Nebraska fans, it is time to accept a new rival. Time to embrace the 24/7/365 disdain for everything that school does and represents. Time to find motivation and a desire to improve because you cannot stand the thought of losing to those smug jerks again. Time to let the hatred wash over you the way it once did with Oklahoma. It's time to pass the torch.

We can debate on who that torch should be passed to. I have my thoughts; you likely have yours. But one thing needs to be understood:

It is okay to have a blood rival whose pedigree is not as impressive as your own.

Honestly, that’s been the hold up on recognizing Colorado, Missouri, Iowa, Wisconsin, or anybody else as a rival. We collectively don’t feel they’re worthy of being on our level. We have this misguided belief that a rivalry cannot exist is one team is historically better than the other. But that is wrong.

Oklahoma proved that it can be done. They could have looked down their nose at Nebraska, but instead they met the challenge and pushed back hard. Now, Nebraska can try to assume that role.

I look forward to getting back to a year-round "hatred" of another team. It will be good for NU and our fans.

The local silence around Nebraska's botched attempt to back out of the Oklahoma game is noticeable.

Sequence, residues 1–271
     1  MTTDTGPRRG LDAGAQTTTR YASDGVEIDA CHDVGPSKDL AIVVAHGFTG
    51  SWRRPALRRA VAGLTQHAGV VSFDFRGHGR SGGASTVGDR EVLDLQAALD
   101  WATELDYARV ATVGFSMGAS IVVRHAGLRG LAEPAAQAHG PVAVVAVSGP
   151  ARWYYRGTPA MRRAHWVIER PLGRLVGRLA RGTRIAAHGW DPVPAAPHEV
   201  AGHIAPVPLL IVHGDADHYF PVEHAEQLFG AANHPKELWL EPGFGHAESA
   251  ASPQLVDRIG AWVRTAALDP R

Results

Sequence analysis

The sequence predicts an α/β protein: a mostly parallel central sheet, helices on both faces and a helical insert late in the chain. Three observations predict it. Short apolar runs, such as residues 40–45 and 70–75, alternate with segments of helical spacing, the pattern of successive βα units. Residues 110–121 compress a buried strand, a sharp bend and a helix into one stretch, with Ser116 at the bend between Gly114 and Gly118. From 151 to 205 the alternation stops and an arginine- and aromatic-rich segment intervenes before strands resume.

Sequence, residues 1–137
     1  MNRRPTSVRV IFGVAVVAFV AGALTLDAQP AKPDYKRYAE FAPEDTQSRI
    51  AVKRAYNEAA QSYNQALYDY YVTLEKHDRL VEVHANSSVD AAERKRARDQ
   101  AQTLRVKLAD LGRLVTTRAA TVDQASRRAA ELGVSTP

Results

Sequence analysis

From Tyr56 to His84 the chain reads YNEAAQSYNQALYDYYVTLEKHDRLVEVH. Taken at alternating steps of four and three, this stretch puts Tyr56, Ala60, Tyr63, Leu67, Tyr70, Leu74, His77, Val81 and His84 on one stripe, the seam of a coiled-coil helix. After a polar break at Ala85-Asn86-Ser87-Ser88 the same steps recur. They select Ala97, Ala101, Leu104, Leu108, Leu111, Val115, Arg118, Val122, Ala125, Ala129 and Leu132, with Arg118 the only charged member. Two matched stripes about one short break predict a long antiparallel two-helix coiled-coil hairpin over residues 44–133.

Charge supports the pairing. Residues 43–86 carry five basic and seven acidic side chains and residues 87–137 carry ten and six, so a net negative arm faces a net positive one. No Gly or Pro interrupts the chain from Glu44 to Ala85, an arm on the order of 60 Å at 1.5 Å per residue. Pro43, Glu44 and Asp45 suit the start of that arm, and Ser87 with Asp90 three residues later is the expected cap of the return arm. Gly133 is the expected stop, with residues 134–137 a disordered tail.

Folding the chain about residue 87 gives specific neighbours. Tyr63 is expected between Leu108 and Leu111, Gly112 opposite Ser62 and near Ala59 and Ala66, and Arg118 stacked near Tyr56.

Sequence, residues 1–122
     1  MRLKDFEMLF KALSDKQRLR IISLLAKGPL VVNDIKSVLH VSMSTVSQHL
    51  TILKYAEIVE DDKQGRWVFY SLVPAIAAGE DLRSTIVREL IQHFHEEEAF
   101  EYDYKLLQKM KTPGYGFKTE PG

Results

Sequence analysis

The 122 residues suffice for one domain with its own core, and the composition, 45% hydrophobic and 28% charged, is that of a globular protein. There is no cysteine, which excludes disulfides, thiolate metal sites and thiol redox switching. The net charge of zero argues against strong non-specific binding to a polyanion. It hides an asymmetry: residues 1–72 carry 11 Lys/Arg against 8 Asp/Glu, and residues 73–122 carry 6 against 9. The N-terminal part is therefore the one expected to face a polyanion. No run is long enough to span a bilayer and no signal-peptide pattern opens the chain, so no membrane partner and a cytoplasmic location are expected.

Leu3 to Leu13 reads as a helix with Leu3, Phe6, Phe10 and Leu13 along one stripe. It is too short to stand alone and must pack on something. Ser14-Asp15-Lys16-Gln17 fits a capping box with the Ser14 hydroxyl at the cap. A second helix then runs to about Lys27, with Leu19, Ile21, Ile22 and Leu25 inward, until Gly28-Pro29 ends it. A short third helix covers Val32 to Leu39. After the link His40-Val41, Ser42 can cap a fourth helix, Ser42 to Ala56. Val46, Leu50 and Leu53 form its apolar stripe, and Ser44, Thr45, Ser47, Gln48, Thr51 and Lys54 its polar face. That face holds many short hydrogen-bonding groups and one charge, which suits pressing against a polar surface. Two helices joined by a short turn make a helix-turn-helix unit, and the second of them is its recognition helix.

On one hand, I'm not surprised. Contrary to what the conspiracy theorists will tell you, the local media are not looking to stir up drama. Revisiting a topic that was heavily discussed six months ago might cross into that territory. Also, I suspect there are many fans who have no desire to take the scab off that wound.

But whether we like it or not, it is a valid story line in this game. I guarantee many national college football voices can’t wait to talk about it.

As for me, I get it. I'm happy the game is being played. I want to move past the fiasco that occurred in March when Brett McMurphy dropped his bombshell report, and the Athletic Department spent the next week stepping on every rake they could find.

But before I can close the door, I need to say my peace.

I was disappointed and saddened when the news broke. It looked cowardly and showed zero respect for the history of the program or the fans who care - deeply - about that rivalry.

I was mad at the spin, misdirect, and lies. Adding an extra home game to help "mitigate cost-cutting measures and provide a much-needed boost to our local economy"? C'mon. We're smarter than that. Have some respect for your fans and tell the truth.

I was depressed by what it signaled: that somebody believed Nebraska – in their fourth year under Scott Frost – would need another cupcake win to have a shot at six wins. Presumably, top decision makers (the head coach and/or then athletic director) allowed it to continue.

I believe Frost when he talks about growing up with - and playing in - this rivalry. I believe it matters to him. I truly do. But it also makes me wonder how he (or, say, Matt Davison) could even entertain the idea of cancelling this game.

We'll probably never know exactly what happened. How close Nebraska came to throwing away 50 years of memories for the chance to host Old Dominion. The cynic in me suspects that part of Bill Moos's surprise "retirement" and subsequent buy out was the understanding that he becomes the absentee scapegoat who didn't know what was going on. Who knows? Whatever.

I’m willing to shut the door on this, but I hope this fiasco serves as a reminder to current and future NU coaches and administrators to have respect for the program and the fans.